Post-Covid university collaboration can cement European identity

No institution will be able to make it alone amid the pandemic-induced tumult, so let’s make shared values the antidote to the crisis, says Ferruccio Resta

February 21, 2021
European flags outside the the European Parliament in Strasbourg, France
Source: iStock

Italy was the first country in Europe to be affected by the pandemic, and the first democracy globally to meet the challenge of the virus. While other countries were assessing the possibility of being impacted by coronavirus, those of us in Milan, in particular, were already in the eye of the hurricane. We had to set an example and lead.

At Politecnico di Milano, it took us a couple of weeks to turn our entire teaching system into virtual classes, allowing more than 45,000 students to continue learning – and almost 12,000 to graduate. We stumbled, but Italian universities managed to get back on track, even securing a 7.6 per cent rise in admissions nationwide for the 2020-21 academic year – albeit at the cost of an essential part of the educational process: the one that relates to interpersonal growth and psychological well-being.

The question now is what comes next.

In my view, the way students attend university will not be the same any more. Once they get back to campus, after having spent so much time isolated, they are unlikely to be content to focus on theoretical concepts. They will probably ask for more interaction, interdisciplinary team-working, practical labs and stimulating new training experiences. To best accommodate that, we need to draw a line between what we can best do in class and what we can better accomplish remotely.

For this reason, we at Politecnico di Milano have been working on a post-Covid programme that includes three main points of action: knowledge, relations and system. We are asking ourselves what kind of knowledge will be developed, how relationships and interactions will change and how the organisation will work. Together with some of the biggest universities in Europe, we are exploring the ways in which human interactions are going to change and how the system will adapt.

Halfway through last year, we decided to invest a further €3 million (£2.6 million) in digital equipment, supplying more than 300 classrooms with video tracking and streaming systems. But we still have more questions than answers about what the future will look like. Deciding on the kind of classrooms we will need relates to a bigger series of questions. How to design mixed and customised learning paths? How to tailor courses to capitalise on talent? How will exams and assessment change? How to compete with high-quality digital offers? What kind of services should we give our students to compensate for the costs of attending a physical campus?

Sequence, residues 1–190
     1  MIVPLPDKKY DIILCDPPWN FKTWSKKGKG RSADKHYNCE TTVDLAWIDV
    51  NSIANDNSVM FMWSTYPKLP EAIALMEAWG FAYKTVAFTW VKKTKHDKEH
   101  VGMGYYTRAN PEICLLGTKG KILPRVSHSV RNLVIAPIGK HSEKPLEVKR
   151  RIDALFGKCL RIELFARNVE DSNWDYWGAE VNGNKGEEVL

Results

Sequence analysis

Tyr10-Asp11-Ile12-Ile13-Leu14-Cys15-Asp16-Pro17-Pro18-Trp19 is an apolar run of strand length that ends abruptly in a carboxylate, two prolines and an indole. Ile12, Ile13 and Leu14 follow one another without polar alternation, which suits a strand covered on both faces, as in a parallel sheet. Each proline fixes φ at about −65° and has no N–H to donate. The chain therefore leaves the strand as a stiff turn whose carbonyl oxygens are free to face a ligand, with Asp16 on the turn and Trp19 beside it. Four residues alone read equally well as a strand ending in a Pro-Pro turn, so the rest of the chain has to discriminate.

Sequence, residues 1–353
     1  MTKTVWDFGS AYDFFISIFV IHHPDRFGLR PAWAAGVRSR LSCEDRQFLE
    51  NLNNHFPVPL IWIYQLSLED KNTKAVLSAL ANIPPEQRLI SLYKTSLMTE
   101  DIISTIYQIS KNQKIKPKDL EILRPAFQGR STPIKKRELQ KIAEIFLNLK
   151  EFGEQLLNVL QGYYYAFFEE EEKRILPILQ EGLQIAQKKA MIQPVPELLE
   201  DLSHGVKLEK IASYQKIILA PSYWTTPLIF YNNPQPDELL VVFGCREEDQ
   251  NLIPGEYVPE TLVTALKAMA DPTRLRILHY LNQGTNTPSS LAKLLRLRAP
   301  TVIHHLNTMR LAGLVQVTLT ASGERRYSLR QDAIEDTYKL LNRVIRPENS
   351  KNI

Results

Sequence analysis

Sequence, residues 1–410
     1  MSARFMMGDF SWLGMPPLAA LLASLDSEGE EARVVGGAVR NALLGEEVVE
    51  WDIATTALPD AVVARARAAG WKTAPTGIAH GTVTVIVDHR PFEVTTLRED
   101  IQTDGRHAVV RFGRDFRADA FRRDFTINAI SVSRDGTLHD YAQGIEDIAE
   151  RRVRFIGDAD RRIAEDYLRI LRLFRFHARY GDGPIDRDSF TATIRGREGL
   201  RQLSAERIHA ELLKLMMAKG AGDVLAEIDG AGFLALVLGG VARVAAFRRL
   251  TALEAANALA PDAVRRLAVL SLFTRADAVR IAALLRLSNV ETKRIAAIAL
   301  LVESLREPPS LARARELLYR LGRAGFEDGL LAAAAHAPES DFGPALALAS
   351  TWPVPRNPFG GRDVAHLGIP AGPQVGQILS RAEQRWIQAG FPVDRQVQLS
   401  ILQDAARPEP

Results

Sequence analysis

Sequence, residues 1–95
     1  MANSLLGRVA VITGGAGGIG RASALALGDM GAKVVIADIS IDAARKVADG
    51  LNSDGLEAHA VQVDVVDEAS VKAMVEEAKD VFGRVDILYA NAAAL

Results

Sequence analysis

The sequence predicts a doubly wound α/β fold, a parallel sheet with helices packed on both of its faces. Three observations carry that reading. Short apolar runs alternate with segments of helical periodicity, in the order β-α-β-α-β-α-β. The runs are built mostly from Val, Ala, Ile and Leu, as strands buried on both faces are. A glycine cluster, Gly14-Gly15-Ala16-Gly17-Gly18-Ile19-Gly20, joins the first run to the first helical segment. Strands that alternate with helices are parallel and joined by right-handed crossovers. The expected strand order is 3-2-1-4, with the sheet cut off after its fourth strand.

What we know for sure is that no institution will be able to make it alone. Cooperation is the real fulcrum of the pandemic. This includes allowing more of other universities’ students into our physical communities and also increasing exchange through distance learning. Attending and providing classes across Europe, sharing lectures and co-designing new courses in inter-university groups are valuable possibilities that we are exploring with fellow members of the IDEA League, a strategic alliance of five leading European universities of science and technology. On reflection, maybe the pandemic was just the push we needed.

We are also building on other strategic alliances, anchored in student exchange, to meet our students’ growing appetite for international study. Just before the pandemic hit, more than 5,500 students at Politecnico di Milano had responded to the Erasmus+ international mobility call: 17 per cent more than the previous year. It means that increasing numbers think that spending time abroad is an essential part of their curriculum. Our alliances have consolidated relationships of trust and this has led to common educational paths and large-scale shared infrastructures and services. They have also led to the transmission of shared values. Let’s make these the real antidote to the crisis.

Last November, amid the second wage of contagion, we and six other universities across the old continent launched the Enhance consortium: one of the prototype “European universities” funded under Erasmus to lay the foundations for a barrier-free European education space where students, teachers and staff could move freely as if they were part of a single institution. Our role within the network is to implement the concept of “one campus”, which would allow students, for example, to select and be credited for courses regardless of which university provides them. Location, either physical or virtual, will no longer be a barrier. This is the future of the European university system – and of the concept of Europe itself.

I say this because the European Union, which should be the third major actor in the global scene, alongside the US and China, is experiencing the failure of policies implemented in recent years and facing the centrifugal forces of nationalism and independence. The European Universities initiative is just one of the unifying measures it has launched to redress the balance.

If we can fully exploit the benefits they offer, with a skilful blend of online and in-person education, we will provide the continent with a geopolitical boost not merely in terms of the skills with which future students graduate but also in terms of their internationalist mindsets.

Ferruccio Resta is rector of Politecnico di Milano.

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